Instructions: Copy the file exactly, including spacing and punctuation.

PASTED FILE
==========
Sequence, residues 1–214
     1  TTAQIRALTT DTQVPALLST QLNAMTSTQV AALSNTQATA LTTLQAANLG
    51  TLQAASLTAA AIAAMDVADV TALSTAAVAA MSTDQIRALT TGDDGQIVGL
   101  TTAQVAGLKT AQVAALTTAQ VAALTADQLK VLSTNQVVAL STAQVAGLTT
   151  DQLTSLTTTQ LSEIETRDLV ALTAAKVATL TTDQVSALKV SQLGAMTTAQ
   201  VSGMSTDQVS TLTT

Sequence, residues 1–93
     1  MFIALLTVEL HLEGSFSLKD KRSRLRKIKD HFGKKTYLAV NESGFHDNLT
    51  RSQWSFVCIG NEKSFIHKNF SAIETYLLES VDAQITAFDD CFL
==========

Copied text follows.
Sequence, residues 1–214
     1  TTAQIRALTT DTQVPALLST QLNAMTSTQV AALSNTQATA LTTLQAANLG
    51  TLQAASLTAA AIAAMDVADV TALSTAAVAA MSTDQIRALT TGDDGQIVGL
   101  TTAQVAGLKT AQVAALTTAQ VAALTADQLK VLSTNQVVAL STAQVAGLTT
   151  DQLTSLTTTQ LSEIETRDLV ALTAAKVATL TTDQVSALKV SQLGAMTTAQ
   201  VSGMSTDQVS TLTT

Sequence, residues 1–93
     1  MFIALLTVEL HLEGSFSLKD KRSRLRKIKD HFGKKTYLAV NESGFHDNLT
    51  RSQWSFVCIG NEKSFIHKNF SAIETYLLES VDAQITAFDD CFL